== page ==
Here are three sets of photos from Alan Ng, Thomas Hartwig (www.panzer-modell.de) and Michael Shackleton.
The training of drivers for a modern main battle tank requires a large amount of resources. Most driver training is done in the classroom and on simulators. However, there is no substitute for the real thing. Lack of space in the driving compartment of an actual tank led to the development of a driver training tank.
In place of the turret, these vehicles were equipped with an instruction cab with sufficient space for two observing trainees seated either side of the instructor. To maintain the characteristics of the original vehicle, the turret weight was compensated for by an 8.5 tonne ballast weight. A dummy gun is attached to the front of the cabin to increase realism for the driver (though these were not fitted initially). The original Bundeswehr trainers also did not have air-conditioning. The instructor has a system which makes it possible to override the driver under instruction (seated in his normal hull position) when necessary. Most Fahrschulpanzers have their rear intercom boxes and most of the tools removed, as illustrated here with a cab on a 1A5 hull.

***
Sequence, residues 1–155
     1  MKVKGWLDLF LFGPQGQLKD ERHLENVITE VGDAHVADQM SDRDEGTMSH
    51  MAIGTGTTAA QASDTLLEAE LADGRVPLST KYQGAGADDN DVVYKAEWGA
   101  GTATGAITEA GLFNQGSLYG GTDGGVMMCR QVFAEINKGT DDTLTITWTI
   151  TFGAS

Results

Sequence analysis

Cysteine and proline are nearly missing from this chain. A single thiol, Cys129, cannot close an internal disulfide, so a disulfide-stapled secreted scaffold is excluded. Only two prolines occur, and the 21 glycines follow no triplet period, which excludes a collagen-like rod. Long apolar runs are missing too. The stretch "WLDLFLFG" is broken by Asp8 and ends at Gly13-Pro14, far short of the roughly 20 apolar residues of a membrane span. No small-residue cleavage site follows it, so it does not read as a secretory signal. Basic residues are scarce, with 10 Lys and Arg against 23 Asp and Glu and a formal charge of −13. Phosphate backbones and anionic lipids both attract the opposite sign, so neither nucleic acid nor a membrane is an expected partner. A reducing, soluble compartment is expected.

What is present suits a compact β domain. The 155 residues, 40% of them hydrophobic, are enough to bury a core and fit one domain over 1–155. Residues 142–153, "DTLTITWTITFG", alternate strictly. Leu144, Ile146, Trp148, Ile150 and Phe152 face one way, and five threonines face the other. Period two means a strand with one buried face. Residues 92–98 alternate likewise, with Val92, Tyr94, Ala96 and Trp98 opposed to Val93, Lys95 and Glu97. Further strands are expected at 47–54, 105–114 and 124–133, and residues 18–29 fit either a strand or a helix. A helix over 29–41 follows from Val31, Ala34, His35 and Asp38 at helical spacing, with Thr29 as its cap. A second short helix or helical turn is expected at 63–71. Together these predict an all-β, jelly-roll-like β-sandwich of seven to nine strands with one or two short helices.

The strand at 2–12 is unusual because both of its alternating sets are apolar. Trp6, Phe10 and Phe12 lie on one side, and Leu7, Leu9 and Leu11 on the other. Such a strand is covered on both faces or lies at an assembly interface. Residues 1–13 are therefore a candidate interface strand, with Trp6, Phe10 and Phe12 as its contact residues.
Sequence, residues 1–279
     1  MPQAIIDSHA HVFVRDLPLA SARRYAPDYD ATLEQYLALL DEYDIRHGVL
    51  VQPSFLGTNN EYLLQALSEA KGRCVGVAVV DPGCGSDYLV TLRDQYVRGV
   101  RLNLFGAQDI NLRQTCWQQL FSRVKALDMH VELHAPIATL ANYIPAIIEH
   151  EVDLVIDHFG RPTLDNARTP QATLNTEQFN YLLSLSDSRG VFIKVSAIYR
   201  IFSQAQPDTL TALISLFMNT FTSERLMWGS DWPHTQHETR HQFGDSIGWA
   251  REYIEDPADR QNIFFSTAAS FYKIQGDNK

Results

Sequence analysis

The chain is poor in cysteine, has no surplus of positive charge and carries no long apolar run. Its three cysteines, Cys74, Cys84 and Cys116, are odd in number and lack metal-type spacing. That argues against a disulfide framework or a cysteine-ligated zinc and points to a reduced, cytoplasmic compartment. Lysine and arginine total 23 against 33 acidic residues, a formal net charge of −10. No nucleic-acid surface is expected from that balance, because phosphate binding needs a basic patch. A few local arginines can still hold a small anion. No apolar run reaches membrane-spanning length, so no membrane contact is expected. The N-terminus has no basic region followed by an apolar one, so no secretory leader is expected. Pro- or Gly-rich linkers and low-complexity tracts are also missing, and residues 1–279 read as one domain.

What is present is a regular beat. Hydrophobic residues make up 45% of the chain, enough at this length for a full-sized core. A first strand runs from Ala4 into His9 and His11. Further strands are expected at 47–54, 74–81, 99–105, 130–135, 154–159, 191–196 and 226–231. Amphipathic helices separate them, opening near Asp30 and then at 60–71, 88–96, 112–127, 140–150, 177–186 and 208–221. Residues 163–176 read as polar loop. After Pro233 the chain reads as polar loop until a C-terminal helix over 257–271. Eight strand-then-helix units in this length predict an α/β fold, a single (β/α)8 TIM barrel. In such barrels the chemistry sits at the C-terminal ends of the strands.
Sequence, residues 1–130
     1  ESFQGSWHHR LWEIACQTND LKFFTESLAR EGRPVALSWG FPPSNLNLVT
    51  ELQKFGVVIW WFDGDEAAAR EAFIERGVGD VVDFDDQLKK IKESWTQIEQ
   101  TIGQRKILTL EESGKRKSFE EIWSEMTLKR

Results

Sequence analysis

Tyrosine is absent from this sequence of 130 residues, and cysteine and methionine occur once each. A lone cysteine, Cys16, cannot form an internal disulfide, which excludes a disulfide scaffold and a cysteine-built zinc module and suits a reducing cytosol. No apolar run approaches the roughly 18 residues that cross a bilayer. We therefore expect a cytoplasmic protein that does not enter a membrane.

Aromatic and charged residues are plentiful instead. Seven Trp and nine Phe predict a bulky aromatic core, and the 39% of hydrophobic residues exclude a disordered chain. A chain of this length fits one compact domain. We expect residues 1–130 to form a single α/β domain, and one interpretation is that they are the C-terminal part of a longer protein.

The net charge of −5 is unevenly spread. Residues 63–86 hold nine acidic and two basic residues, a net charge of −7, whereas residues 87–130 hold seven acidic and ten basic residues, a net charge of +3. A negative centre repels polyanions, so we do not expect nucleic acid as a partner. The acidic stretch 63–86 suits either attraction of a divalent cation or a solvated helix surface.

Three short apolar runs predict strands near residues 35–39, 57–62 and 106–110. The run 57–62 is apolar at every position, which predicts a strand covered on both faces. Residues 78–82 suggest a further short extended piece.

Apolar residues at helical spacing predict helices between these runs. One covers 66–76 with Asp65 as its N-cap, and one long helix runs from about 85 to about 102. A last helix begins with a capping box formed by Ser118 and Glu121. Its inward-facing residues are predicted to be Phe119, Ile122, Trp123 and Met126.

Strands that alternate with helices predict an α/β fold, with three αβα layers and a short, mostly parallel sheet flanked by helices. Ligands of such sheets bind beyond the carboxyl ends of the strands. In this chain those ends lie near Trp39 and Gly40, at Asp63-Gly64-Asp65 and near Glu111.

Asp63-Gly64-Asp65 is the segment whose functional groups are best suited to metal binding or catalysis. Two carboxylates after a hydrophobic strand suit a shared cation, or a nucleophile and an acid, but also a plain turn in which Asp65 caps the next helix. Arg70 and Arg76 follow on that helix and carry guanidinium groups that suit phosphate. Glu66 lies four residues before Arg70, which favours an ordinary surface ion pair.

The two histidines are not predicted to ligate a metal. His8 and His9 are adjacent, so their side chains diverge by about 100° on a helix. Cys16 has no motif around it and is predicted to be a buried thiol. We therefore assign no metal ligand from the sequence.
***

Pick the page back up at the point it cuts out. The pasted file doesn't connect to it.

Similar vehicles have been used in other armies such as Australia, Belgium, Brazil, Canada, Denmark, Greece, Italy, Netherlands and Norway. All are slightly different in their equipment. For example some have dummy guns, some don~t. Likewise with air-conditioning units, which can also vary from country to country. The non-German tank hulls used with the cabs sometimes retain all of the tool clips on the hull sides (though the tools are normally removed) or hull boxes if the MBT is equipped with them.